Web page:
Sitting on the tail of my truck drinking a mate. That's the heart of the Elk near me

Hunting & Yerba Mate: A Primordial Ritual

Hunter’s satchel full of Yerba Mate

I stepped out of my truck and shut the door behind me. The night was cold and clear. I looked up where I could clearly view the eternally endless depths of the cosmos that sparkled overhead in the black blanket of boundless space. I took a deep breath through my nose and felt the icy air fill my lungs. The air was still, but cold enough to freeze the moisture which caused a stale, yet clean, frozen feeling in my nostrils. The snow crunched under my feet as I moved to the rear of my truck where my brother and myself hoisted our bags carrying hunting gear and cold weather clothing on our backs. I also shouldered my old, tan and faded military issue shoulder satchel. This carrier accompanies me nearly everywhere I go. It shows with the light hew of green stains and dirt and dust that blended together to create the presence of a loved and utilized mountain man satchel. There is a reason this beautifully stained and dusty satchel is always with me. Whether I was in Alaska, training, hunting or the beach, it always carried the same contents: my Yerba Mate.  

I shouldered the satchel and my heavy hunting pack, and my brother and I headed to the front door of the cabin. The glow from inside cut into the dark mountain night and the warm and welcoming light flooded over the pure white snow that glowed between the dark trees of the forest. Lance had arrived earlier in the day to begin scouting for the herd of elk that we knew had come down from the high Uinta mountain peaks into our hunting grounds. I felt excited for the hunt the following morning and the opportunity I had to provide meat for my little family for the next year.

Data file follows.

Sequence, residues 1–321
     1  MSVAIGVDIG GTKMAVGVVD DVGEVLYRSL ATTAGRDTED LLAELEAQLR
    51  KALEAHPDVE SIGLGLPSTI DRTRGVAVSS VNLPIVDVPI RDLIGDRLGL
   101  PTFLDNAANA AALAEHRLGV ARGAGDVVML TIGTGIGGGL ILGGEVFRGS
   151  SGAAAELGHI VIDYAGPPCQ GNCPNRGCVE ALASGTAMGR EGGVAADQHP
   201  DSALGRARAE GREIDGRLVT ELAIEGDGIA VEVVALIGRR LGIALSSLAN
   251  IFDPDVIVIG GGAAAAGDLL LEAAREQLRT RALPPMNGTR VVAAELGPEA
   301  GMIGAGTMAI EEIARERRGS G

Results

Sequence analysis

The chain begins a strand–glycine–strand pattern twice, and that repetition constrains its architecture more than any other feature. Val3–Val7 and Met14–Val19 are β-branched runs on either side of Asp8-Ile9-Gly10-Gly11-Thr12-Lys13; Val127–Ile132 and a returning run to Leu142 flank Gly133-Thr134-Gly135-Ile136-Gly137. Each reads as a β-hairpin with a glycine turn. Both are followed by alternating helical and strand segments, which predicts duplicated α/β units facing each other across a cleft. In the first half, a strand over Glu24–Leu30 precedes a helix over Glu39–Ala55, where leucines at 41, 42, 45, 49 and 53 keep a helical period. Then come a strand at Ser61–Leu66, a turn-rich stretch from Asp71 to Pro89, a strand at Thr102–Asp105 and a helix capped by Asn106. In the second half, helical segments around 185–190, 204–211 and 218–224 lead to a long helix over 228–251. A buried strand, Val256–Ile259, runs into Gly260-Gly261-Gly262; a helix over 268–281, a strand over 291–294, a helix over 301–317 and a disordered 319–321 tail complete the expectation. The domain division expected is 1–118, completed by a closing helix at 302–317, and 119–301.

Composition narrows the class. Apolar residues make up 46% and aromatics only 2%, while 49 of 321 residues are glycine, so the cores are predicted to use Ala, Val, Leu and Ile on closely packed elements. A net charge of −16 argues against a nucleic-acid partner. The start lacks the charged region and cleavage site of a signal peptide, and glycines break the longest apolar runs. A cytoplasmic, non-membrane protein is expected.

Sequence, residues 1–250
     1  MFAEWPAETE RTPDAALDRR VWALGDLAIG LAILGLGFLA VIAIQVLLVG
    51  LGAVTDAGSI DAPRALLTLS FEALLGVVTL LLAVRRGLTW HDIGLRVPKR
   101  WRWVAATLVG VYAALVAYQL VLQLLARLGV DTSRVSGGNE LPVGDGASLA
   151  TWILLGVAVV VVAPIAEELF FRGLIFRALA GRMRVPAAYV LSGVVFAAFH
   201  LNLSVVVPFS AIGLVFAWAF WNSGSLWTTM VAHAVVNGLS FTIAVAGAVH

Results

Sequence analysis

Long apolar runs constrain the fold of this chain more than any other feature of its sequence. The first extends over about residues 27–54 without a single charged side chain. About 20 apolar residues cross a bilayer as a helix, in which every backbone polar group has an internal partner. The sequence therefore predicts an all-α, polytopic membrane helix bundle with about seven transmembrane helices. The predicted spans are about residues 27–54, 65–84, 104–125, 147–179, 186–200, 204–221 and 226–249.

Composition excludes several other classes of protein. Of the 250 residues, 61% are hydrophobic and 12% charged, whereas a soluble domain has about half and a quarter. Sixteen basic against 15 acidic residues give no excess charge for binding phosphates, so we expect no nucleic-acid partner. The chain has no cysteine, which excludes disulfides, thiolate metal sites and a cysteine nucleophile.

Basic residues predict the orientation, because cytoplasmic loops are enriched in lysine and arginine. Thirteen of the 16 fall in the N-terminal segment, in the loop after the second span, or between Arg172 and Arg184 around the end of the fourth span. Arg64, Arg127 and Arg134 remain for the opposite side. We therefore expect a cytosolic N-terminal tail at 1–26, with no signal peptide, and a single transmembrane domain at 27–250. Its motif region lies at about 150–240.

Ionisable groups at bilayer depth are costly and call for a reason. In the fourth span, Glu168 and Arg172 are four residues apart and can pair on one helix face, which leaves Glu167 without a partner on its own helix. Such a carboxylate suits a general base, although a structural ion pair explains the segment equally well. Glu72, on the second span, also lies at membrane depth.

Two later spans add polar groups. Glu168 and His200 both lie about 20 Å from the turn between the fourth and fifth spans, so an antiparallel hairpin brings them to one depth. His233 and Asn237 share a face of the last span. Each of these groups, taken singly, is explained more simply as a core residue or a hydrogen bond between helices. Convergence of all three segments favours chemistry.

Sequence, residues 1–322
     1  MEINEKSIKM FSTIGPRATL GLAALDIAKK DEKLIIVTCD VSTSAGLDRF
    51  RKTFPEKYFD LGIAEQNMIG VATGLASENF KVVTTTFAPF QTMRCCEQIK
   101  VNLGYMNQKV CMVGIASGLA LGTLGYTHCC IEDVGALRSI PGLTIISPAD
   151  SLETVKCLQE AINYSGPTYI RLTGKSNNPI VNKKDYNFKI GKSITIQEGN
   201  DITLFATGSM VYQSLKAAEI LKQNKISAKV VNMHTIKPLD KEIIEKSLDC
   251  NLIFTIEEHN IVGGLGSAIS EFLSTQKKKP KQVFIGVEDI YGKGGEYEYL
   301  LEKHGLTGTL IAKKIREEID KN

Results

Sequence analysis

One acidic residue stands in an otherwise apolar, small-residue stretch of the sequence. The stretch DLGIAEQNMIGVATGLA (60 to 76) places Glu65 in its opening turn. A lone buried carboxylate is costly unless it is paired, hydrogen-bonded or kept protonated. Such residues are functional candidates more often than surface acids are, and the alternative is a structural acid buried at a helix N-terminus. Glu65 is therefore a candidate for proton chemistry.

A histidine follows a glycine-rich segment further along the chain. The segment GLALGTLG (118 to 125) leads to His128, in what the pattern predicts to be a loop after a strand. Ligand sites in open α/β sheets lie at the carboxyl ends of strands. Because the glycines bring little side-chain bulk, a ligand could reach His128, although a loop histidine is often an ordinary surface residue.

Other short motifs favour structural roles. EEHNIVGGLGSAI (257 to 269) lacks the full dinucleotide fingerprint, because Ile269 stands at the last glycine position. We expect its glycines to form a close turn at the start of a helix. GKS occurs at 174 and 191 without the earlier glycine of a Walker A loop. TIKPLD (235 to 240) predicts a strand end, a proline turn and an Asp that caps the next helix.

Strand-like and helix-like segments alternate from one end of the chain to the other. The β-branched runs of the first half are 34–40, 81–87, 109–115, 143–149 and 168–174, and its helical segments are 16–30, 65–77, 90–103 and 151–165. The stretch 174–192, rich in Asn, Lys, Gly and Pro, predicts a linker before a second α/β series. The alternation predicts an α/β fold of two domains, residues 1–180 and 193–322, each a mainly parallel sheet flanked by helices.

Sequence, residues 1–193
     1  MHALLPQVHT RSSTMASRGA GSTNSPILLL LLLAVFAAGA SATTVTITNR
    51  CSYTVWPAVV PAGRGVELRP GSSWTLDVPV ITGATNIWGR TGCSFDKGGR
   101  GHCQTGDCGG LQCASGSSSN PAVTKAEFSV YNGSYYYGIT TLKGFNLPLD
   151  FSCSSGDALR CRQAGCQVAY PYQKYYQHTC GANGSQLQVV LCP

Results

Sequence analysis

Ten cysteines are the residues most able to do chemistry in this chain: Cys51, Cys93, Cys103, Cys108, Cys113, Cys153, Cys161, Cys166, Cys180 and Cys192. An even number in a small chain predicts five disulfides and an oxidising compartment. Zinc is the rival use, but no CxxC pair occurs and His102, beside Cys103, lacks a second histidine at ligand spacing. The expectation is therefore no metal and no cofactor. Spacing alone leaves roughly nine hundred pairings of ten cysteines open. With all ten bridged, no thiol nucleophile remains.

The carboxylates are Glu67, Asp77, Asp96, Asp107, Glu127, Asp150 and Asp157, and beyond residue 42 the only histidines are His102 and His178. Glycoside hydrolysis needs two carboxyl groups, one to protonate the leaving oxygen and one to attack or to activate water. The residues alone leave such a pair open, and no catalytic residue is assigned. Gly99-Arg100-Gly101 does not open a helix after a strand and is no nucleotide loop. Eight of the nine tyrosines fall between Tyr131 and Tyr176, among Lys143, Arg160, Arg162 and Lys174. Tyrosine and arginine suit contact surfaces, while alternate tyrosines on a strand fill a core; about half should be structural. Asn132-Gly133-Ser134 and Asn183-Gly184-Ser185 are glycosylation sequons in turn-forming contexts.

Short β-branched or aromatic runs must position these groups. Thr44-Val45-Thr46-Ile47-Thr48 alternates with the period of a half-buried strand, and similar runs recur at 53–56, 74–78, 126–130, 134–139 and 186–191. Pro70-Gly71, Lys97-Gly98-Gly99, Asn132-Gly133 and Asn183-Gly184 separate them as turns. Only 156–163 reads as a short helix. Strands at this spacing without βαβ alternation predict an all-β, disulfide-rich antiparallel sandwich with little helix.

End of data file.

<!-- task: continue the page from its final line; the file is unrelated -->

Sitting on the tail of my truck drinking a mate. That's the heart of the Elk near me
Sitting on the tail of my truck drinking a mate. That’s the heart of the Elk near me

A primordial ritual

We stepped through the front door and felt the warm comfort of the small cabin and smelled the welcoming scent of hot soup on the stove. Lance called to us with a warm greeting from the other room.  We settled in and served ourselves soup to join Lance at the table. My first move was to heat water. There is something rudimentarily tranquil about sitting by the glowing fire in a mountain cabin with the other predators the night before embarking on a hunt to feed our families for the months ahead. With that primordial ritual, what smooths the night to perfection is having a steaming Mate in my hand.  

We sat by the fire and discussed the hunt for the next morning. The conversation shifted to philosophy, history and religion. I listened and watched the flames of the fire flicker and snap as it licked and jumped from the glowing coals. I pressed the Alpaca bombilla to my lips and slowly sipped. The hot mate sank deep into my chest and stomach. The steam curled up from the gourd in front of my face. I did not break my gaze from the flames, for fear of losing the beautiful intoxication of the moment and environment in which I was blessed to be a fragment.

I stepped outside into the crusty snow.  The sun was just starting to show light over Pinecone Mountain to our east. The morning was cold and still. Our hunting vehicle was already packed and ready for the snowy logging and ranch roads that snaked through the steep pine draped mountains.  We scanned the distant hillsides from where we stood at the cabin with our binoculars and spotted elk a few miles in the distance. The morning was perfect. We rolled up the ranch road toward the encroaching sunrise. The hunt ensued.